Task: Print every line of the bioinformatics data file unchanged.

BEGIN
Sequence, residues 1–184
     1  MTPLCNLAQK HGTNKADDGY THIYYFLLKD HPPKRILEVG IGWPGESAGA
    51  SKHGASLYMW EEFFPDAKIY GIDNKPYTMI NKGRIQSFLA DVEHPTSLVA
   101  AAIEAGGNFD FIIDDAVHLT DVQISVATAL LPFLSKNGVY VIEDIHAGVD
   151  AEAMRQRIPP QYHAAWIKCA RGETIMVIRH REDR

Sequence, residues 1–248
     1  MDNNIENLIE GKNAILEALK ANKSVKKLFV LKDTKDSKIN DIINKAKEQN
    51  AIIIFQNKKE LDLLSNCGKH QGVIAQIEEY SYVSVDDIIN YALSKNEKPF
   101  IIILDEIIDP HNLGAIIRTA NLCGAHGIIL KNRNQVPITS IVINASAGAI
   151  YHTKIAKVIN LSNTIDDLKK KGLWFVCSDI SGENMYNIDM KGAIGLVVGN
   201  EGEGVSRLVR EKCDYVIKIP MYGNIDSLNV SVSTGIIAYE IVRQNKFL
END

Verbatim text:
Sequence, residues 1–184
     1  MTPLCNLAQK HGTNKADDGY THIYYFLLKD HPPKRILEVG IGWPGESAGA
    51  SKHGASLYMW EEFFPDAKIY GIDNKPYTMI NKGRIQSFLA DVEHPTSLVA
   101  AAIEAGGNFD FIIDDAVHLT DVQISVATAL LPFLSKNGVY VIEDIHAGVD
   151  AEAMRQRIPP QYHAAWIKCA RGETIMVIRH REDR

Sequence, residues 1–248
     1  MDNNIENLIE GKNAILEALK ANKSVKKLFV LKDTKDSKIN DIINKAKEQN
    51  AIIIFQNKKE LDLLSNCGKH QGVIAQIEEY SYVSVDDIIN YALSKNEKPF
   101  IIILDEIIDP HNLGAIIRTA NLCGAHGIIL KNRNQVPITS IVINASAGAI
   151  YHTKIAKVIN LSNTIDDLKK KGLWFVCSDI SGENMYNIDM KGAIGLVVGN
   201  EGEGVSRLVR EKCDYVIKIP MYGNIDSLNV SVSTGIIAYE IVRQNKFL